Worst time for air travel since 9/11

Posted: March 05, 2014

This winter's weather has been worse for airlines than any other time since the days after the Sept. 11, 2001, attacks.

A string of brutal storms since Dec. 1 took a $5.8 billion toll on passengers, airlines, and U.S. airports, compared with $3.3 billion in a typical winter, according to masFlight, a software company specializing in airline operations.

From Dec. 1 to Feb. 28, one million flights were delayed or canceled, affecting 90 million passengers. About one million passengers a day had travel plans interrupted, 200,000 more each day than in a usual winter.

Of the total costs, the impact to passengers in lost productivity and out-of-pocket costs from flight disruptions was $5.3 billion, compared with an average $1.5 billion the last two winters, masFlight said.

"And we're not finished yet," said Tulinda Larsen, economist and masFlight vice president. Monday's storm forced cancellation of 3,285 flights nationwide, according to FlightView, a flight tracking website.

U.S. airports took a $4.5 million hit this winter in lost passenger user charges and passenger spending at concessions. In addition, airports lost $170 million in snow removal and lost aircraft landing fees. That $170 million ultimately will be passed on to airlines through airport rates and charges.

Besides the weather, two new government regulations hurt airlines' "ability to respond," Larsen said.

A tarmac delay rule limits the time an aircraft can spend taxiing, leading carriers to cancel flights rather than be fined as much as $27,500 per traveler. De-icing can take up to 45 minutes, and depending on an aircraft's place in line, airlines may cancel a flight rather than risk a tarmac delay and fines.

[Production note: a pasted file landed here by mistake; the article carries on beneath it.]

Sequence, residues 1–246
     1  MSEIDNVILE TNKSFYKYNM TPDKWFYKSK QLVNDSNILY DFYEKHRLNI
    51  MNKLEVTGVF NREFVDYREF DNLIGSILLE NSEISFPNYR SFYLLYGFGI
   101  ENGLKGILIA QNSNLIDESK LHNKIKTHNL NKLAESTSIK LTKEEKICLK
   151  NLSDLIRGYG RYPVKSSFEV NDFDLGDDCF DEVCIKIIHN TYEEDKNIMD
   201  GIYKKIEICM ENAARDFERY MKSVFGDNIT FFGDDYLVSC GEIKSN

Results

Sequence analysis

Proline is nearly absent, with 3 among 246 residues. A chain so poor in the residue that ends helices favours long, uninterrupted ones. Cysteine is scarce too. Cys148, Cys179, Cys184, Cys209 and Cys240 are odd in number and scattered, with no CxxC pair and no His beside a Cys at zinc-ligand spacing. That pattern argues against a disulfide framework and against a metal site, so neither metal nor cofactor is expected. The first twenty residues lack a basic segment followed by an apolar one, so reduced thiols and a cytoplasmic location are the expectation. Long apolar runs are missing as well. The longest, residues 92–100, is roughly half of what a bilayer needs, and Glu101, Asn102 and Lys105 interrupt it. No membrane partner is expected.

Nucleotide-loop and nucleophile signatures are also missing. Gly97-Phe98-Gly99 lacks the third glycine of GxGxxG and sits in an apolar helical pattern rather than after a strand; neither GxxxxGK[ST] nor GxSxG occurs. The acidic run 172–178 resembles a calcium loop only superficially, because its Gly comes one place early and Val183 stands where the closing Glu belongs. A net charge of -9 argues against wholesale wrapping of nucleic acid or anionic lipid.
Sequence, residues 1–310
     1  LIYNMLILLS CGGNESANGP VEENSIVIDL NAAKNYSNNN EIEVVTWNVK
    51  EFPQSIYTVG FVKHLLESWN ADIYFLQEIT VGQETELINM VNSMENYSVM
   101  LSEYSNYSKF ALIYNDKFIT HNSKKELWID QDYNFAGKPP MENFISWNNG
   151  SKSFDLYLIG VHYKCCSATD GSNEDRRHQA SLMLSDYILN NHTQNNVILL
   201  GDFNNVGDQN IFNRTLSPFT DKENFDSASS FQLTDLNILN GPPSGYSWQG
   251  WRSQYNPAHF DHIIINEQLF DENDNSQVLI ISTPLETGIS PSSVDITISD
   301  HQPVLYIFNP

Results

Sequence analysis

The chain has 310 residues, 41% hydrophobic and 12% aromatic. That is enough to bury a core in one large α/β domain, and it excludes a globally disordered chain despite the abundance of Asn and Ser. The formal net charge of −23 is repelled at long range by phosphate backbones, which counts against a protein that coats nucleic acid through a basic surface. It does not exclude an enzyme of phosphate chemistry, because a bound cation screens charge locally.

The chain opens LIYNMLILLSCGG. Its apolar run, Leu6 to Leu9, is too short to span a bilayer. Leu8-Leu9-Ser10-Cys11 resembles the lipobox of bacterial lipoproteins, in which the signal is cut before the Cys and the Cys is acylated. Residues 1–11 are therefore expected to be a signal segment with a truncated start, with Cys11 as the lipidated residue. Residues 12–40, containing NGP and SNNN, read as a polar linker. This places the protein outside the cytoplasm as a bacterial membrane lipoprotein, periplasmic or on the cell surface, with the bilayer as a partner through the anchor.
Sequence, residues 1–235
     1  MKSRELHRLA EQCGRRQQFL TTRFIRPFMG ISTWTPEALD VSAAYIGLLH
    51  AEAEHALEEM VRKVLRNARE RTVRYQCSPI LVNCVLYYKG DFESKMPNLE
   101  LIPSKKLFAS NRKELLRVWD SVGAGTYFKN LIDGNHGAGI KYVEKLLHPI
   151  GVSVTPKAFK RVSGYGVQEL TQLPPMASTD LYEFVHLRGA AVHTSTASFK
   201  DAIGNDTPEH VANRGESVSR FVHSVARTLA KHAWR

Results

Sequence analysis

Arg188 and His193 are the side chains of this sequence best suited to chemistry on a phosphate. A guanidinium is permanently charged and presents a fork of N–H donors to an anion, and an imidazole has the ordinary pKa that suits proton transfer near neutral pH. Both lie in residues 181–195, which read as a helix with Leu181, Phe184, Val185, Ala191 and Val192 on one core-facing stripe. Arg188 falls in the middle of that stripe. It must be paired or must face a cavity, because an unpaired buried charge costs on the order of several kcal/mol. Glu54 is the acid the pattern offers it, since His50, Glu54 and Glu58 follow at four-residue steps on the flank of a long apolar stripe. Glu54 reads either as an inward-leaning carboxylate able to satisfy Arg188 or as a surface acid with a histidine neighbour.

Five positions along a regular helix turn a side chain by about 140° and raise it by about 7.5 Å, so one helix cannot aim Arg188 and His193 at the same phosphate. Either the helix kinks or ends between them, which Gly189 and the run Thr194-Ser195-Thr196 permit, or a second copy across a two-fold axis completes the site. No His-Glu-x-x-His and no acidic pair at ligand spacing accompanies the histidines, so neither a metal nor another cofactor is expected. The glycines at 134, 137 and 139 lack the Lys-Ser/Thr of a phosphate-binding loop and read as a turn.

In addition, new pilot rest rules Jan. 4 limit the time that airline pilots can be on duty. The rules, in response to the Colgan Air crash near Buffalo, N.Y., in 2009, constrain flexibility to manage flights, causing cancellations, even after an aircraft departs the gate, Larsen said.

Philadelphia International had 483 flight cancellations Monday - about 42 percent of flights. Total weather-related costs were not available "as we are still working this storm," airport spokeswoman Victoria Lupica said.

From Dec. 1 to Feb. 28, about 32 percent of flights were delayed or canceled at Philadelphia International - the 10th-most-impacted U.S. airport - and 9.1 percent of flights were canceled outright, masFlight said.

United Airlines, American Airlines, and US Airways led in systemwide cancellation rates during the period: 7.3 percent, 6.9 percent, and 6.2 percent, respectively.

United was the first carrier last week to warn that the winter weather will hurt first-quarter earnings. United canceled more than 22,500 flights in January and February, with the largest impact on regional flying - nearly four times higher than the same period last year.

Airline analyst Helane Becker of Cowen & Co. said United's network, with hubs in Denver, Chicago, Cleveland, and Newark, N.J., "was hit disproportionately more than other carriers."

Airlines are expected to take another traffic dip this month, with Easter and many spring breaks coming in April, instead of March.



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